The art of persuasion 2: How to argue

Six structures of argument (Rhetoric)

What is an argument?

In the Argument Clinic, a sketch from Monty Python’s Flying Circus, an absurdist comedy series, a man pays for a five-minute argument. The customer goes to a room where a man behind a desk hurls abuse at him. The customer interrupts saying he paid for a five-minute argument, and this is not an argument. The abuse hurler apologizes explaining this is Abuse, Argument is next door.

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Labels: A necessary evil

Lawyer and politician, Arlen Specter, started as a Democrat, then became a Republican, and then went back to being a Democrat again. As you can imagine, he resisted being labeled. What he actually said was, “I don’t like labels. I think they conceal more than they reveal — sort of like a bikini.”

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Distraction and concentration

Focus

Concentration is at a premium in an increasingly distracted world. And this is why writing a book is so difficult for the busy professional. Writing a book requires long periods of distraction-free thinking-time, focus, and solitude.

Author, Mihaly Csikszentmihalyi, termed Flow as a state of hyper-concentration where we lose all sense of time. We become what we do. Focus or distraction become habitual.  But concentration is a skill we can develop with practice. An incremental approach works well. On the other hand, constant interruptions weaken our ability to focus and to think through complexity. When it comes to concentration it’s a case of use it or lose it.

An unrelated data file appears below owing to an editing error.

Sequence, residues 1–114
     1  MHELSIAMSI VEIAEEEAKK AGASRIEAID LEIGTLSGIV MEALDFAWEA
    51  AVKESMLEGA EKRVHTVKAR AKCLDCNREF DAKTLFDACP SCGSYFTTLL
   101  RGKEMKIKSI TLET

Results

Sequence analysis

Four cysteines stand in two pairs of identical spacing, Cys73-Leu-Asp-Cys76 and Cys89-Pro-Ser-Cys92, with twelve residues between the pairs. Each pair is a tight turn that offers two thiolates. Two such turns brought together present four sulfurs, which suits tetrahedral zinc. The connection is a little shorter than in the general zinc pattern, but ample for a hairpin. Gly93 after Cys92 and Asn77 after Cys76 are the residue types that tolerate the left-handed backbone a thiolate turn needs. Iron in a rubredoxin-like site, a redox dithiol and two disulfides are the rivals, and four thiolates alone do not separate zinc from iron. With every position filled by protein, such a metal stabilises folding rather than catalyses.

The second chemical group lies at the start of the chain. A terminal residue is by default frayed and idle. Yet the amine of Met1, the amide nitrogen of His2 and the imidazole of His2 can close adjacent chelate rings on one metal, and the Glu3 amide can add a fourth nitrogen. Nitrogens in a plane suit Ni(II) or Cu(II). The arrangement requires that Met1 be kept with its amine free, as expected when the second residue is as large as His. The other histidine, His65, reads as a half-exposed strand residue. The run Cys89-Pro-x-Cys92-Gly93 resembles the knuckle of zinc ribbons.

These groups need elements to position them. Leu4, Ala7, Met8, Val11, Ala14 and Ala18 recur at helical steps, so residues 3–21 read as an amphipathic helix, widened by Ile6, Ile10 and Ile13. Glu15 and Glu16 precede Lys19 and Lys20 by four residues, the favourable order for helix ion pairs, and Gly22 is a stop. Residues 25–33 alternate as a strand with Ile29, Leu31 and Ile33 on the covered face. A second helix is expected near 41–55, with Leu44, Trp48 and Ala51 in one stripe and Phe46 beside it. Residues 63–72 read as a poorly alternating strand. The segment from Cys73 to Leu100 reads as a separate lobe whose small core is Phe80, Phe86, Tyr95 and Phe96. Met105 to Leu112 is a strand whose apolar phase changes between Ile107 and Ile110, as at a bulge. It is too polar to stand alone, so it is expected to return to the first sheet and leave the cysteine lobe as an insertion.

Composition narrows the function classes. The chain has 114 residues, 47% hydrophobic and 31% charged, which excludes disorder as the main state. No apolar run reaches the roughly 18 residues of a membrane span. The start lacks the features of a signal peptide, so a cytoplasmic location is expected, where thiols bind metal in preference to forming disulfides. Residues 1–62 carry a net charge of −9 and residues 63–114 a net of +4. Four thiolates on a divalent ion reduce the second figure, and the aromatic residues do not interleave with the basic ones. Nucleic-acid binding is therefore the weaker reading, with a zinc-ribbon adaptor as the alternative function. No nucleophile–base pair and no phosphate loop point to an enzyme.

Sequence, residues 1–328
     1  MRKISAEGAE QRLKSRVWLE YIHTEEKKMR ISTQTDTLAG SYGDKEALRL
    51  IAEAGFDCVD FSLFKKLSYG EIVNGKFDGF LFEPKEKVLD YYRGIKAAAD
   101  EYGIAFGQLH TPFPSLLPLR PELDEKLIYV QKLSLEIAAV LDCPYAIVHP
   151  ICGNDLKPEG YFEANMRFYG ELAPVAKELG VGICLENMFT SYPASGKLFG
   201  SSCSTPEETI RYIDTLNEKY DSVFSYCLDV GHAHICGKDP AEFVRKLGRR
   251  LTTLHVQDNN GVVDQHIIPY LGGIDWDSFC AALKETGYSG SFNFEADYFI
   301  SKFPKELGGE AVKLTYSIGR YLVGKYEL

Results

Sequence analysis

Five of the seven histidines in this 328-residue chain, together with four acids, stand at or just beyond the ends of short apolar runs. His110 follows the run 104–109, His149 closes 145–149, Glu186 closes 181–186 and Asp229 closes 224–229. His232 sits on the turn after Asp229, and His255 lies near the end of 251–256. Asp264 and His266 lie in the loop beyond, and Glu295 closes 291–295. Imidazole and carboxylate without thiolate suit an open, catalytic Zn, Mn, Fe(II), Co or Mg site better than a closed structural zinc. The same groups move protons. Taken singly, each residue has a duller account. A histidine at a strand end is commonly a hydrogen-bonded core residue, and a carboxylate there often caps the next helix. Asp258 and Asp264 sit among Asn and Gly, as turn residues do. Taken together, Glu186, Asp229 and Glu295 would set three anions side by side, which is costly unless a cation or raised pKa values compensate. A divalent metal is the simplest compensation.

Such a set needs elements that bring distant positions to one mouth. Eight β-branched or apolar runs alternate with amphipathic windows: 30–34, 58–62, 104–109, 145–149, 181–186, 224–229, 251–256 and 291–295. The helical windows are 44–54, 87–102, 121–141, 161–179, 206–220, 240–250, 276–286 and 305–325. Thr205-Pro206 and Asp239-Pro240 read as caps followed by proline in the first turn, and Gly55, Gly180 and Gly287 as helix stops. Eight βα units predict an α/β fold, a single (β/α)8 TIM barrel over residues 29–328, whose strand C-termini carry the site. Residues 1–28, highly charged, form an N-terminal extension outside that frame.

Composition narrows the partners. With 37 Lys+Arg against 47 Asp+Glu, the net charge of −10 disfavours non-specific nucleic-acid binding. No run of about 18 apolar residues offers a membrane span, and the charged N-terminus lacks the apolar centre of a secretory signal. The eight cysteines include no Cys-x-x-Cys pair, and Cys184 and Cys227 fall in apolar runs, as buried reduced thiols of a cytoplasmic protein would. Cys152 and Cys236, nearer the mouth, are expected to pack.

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Business book titles

Text reads: WHY?
What’s in it for me?

Why should readers read your book? Every business book has a value proposition. Writing a one-sentence reply will help clarify your thinking. Most of us form opinions quickly. And this is true when it comes to business book titles and introductions. First impressions count.

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Slow down, get smart

You’d think promoting counter-urgency in business would be as popular as a middle-of-the-night-car-alarm-wake-up-call. Do a news search on “slow and business” and you get nothing but misery, pain, and frustration. Don’t we associate slow with failure, inefficiency; and perhaps worse — laziness?

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After losing an argument

I was browsing in a New York bookstore when I overheard a man ask for a book on how to win an argument. The two young women behind the counter giggled. I wondered if they knew about Demosthenes. Persuasion is a serious subject, and this bookstore customer wasn’t just a victim, he was doing something about his problem.

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